Justice Sotomayor, in a concurring opinion, emphasized that a different set of facts could subject a business enforcing a security interest to the entirety of the FDCPA: “I would see as a different case one in which the defendant went around frightening homeowners with the threat of foreclosure without showing any meaningful intention of ever actually following through. There would be a question, in such a case, whether such an entity was in fact a ‘business the principal purpose of which is the enforcement of security interest,’ . . . or whether it was simply using that label as a stalking horse for something else.”
The Court’s decision has two immediate practical effects. First, the decision clarifies the persons that are subject to the full ambit of the FDCPA. Businesses engaged in nonjudicial foreclosures are subject only to the proscriptions of the FDCPA found in section 1692f(6). The Court overrules the circuits subjecting these businesses to the entirety of the FDCPA, and resolves uncertainty in those jurisdictions that had yet to decide the issue. Second, the decision removes a number of potential impediments to nonjudicial foreclosures. Debtors will have greater difficulty opposing nonjudicial foreclosures, for example, by using verification letters to stop foreclosures. Additionally, businesses that strictly adhere to state nonjudicial foreclosure laws can better combat FDCPA claims. While the Court’s holding makes it more difficult for borrowers facing nonjudicial foreclosures to raise FDCPA claims, it is not impossible. Businesses taking steps not required under state nonjudicial foreclosure laws may still subject themselves to such claims.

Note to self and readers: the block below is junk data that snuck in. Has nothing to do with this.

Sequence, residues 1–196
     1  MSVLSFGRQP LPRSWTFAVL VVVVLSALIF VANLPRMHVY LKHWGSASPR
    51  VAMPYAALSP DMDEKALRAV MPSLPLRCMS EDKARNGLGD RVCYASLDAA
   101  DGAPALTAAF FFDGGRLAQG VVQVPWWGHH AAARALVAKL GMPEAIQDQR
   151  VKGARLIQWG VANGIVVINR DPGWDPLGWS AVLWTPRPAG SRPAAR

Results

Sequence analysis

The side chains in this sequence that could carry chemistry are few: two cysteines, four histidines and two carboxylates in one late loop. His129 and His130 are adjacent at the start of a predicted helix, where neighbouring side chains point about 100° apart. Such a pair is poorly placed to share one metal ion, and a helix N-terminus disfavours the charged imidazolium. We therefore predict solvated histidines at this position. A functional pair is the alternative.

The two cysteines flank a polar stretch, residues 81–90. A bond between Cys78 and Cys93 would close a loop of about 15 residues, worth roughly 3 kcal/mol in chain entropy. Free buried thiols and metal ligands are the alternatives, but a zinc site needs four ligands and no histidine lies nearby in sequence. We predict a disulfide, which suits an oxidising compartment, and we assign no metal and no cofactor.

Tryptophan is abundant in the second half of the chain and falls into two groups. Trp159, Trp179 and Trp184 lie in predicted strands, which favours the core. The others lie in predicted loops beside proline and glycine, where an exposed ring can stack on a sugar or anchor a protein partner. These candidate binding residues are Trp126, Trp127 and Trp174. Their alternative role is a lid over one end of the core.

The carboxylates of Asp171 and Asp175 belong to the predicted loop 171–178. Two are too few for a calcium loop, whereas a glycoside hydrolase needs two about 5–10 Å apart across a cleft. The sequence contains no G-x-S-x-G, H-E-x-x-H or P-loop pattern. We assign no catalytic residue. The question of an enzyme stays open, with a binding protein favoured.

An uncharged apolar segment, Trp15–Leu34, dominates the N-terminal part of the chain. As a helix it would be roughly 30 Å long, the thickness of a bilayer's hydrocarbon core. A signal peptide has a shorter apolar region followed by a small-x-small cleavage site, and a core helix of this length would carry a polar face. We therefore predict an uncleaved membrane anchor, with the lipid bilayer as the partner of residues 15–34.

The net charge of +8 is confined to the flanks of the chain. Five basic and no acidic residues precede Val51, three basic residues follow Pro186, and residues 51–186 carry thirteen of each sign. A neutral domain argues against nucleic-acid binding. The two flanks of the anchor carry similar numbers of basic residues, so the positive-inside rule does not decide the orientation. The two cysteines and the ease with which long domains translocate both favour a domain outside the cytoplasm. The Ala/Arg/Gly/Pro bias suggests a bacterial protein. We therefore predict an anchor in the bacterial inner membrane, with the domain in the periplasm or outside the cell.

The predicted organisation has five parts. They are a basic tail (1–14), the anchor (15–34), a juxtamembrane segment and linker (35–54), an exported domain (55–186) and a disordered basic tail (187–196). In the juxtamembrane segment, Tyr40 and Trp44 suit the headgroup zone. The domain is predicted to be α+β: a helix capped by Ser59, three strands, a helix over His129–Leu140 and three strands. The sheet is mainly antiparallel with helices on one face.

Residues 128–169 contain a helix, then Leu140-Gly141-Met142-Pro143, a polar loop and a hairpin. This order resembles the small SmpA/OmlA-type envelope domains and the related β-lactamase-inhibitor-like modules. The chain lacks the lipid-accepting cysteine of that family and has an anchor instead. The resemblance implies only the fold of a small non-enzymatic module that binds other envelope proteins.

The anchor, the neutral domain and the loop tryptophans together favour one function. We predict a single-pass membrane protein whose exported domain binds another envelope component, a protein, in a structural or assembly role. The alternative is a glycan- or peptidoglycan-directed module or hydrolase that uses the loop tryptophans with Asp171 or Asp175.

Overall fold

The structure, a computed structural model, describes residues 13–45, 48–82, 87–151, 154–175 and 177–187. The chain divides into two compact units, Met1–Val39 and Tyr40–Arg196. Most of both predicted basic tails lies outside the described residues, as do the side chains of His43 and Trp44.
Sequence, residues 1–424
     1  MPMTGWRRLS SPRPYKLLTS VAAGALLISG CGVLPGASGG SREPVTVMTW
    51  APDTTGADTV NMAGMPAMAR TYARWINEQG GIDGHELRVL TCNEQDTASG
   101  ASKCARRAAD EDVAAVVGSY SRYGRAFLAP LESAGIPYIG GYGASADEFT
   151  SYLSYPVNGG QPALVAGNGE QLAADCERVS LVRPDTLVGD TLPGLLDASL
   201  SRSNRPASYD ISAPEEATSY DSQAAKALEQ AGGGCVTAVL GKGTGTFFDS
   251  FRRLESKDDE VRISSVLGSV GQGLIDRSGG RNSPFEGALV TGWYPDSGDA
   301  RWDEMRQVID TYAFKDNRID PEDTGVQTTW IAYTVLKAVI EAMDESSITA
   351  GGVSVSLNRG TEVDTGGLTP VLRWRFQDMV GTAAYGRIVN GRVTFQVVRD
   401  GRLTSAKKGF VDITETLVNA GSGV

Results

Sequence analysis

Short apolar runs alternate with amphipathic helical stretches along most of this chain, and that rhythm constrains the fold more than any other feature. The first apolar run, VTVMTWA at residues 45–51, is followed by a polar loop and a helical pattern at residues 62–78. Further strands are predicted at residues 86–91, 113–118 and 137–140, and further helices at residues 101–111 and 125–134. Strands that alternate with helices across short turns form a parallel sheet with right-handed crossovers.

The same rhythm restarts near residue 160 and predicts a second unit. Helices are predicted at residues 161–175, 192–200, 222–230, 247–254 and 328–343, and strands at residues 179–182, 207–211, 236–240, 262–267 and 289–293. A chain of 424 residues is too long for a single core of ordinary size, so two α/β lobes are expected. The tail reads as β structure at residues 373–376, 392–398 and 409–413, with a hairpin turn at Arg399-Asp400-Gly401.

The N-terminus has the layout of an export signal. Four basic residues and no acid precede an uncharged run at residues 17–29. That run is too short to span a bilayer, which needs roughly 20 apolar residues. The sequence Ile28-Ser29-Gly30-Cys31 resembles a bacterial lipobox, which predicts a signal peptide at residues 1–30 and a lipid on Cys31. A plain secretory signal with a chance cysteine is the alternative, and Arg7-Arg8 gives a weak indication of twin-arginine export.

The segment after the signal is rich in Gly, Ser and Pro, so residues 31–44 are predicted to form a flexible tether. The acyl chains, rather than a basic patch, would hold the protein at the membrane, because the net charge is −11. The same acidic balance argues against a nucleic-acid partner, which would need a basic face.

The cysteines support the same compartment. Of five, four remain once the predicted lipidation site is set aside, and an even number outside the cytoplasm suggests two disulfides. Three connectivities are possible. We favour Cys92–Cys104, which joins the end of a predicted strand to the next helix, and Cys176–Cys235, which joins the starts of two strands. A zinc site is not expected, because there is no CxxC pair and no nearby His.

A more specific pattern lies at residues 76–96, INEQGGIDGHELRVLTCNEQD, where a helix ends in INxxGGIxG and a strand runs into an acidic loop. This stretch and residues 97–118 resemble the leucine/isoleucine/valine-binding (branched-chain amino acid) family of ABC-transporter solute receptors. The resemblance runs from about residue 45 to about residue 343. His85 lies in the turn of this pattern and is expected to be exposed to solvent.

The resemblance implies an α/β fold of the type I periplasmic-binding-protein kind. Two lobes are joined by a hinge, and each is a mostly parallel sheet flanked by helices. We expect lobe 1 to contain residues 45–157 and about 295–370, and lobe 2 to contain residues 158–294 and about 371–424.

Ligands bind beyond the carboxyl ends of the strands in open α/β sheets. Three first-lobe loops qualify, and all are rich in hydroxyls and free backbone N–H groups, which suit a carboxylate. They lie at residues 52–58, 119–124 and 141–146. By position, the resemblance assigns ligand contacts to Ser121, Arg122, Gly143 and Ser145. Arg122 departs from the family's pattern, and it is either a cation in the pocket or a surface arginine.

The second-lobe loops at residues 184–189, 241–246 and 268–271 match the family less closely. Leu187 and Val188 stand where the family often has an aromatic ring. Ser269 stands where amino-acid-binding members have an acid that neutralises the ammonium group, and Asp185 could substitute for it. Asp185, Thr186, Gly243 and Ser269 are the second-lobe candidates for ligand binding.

The Supreme Court’s opinion can be found here.